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This chapter is from the book

XML: Just Tags?

XML is simple. Technically, it's a language for creating other languages based on the insertion of tags to help describe data. However, XML is actually more than just tags. To see what we mean by this, let's begin with a simple XML data description.

XML is a combination of tags and content in which the tags add meaning to the content. The following is a simple XML markup of customer information. Start tags such as <Name> begin an element that contains the actual data. End tags such as </Name> mark the end of an element definition

<Customer>
    <Name>John von Neumann</Name>
    <PhoneNum>914.631.7722</PhoneNum>
    <FaxNum>914.631.7723</FaxNum>
    <E-Mail>Johnny@cd.com</E-Mail>
</Customer>

However, elements are only one way to describe data. It's also possible to represent the data using attributes within a single element:

<Customer name="John von Neumann" phone="914.631.7722" fax="914.631.7723" email="Johnny@cd.com"/>

In both these examples, the data is the same, but the form is different. There are several important basic points to observe about these definitions:

  • -XML allows data to be stored in either elements or attributes.

  • -Elements and attributes can be named to give the data meaning.

  • -Start tags and end tags define elements that are the basis for XML tree-structured representations of documents.

  • -Elements can contain text data and/or other elements.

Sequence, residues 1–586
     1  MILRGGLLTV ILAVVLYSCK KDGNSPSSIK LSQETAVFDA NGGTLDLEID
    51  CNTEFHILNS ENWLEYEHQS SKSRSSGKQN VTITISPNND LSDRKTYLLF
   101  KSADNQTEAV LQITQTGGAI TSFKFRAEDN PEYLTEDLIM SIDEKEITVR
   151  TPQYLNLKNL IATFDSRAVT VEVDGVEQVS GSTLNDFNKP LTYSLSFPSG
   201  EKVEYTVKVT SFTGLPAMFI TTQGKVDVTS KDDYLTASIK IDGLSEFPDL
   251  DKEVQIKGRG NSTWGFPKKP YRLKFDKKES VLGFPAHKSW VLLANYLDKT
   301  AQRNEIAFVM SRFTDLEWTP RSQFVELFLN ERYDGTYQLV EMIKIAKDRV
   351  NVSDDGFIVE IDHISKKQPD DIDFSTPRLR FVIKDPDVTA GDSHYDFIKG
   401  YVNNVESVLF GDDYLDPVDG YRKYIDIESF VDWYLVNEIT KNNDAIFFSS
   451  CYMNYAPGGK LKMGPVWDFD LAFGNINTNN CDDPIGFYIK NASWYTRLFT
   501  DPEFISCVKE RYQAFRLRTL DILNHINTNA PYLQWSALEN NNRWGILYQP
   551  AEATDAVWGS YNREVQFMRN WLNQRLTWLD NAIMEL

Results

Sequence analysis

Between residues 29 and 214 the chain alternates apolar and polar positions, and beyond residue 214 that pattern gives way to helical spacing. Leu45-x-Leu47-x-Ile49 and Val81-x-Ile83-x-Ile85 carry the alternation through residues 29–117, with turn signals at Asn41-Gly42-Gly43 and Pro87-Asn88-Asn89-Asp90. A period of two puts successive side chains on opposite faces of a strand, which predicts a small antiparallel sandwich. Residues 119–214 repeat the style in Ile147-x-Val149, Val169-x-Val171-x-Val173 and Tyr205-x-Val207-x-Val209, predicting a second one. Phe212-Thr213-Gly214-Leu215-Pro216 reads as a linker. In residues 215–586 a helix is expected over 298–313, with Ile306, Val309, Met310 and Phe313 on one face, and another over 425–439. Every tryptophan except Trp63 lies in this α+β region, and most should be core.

While XML is more than just a few simple rules, its essential aspects can be grasped and understood quite easily. What's important about XML is what it brings to enterprise computing and how it is affecting many aspects of software development and e-commerce.

The XML Advantage

XML has had an impact across a broad range of areas. The following is a list of some of the factors that have influenced XML's adoption by a variety of organizations and individuals.

  • -XML files are human-readable. XML was designed as text so that, in the worst case, someone can always read it to figure out the content. Such is not the case with binary data formats.

  • -Widespread industry support exists for XML. Numerous tools and utilities are being provided with Web browsers, databases, and operating systems, making it easier and less expensive for small and medium-sized organizations to import and export data in XML format.

  • -Major relational databases now have the native capability to read and generate XML data.

  • -A large family of XML support technologies is available for the interpretation and transformation of XML data for Web page display and report generation.

XML: Design by Omission

In addition to XML's explicit advantages, it's important to realize that much of XML's widespread success and use derives more from what it does not address. There are three key design elements that by omission contribute to XML's success:

  1. -No display is assumed. Unlike HTML, XML makes no assumptions about how tags will be rendered in a browser or other display device. Auxiliary technologies such as style sheets add this capability.

  2. -There is no built-in data typing. DTDs and XML Schema provide support for defining the structure and data types associated with an XML document.

  3. -No transport is assumed. The XML specification makes no assumption about how XML is to be transported across the Internet. This has opened the door to creative ideas about delivering XML by means of HTTP, FTP, or Simple Mail Transfer Protocol (SMTP).

These design-by-omission principles can be reformulated by saying that XML explicitly limits the scope of ambitions to maximize interaction with other technologies.

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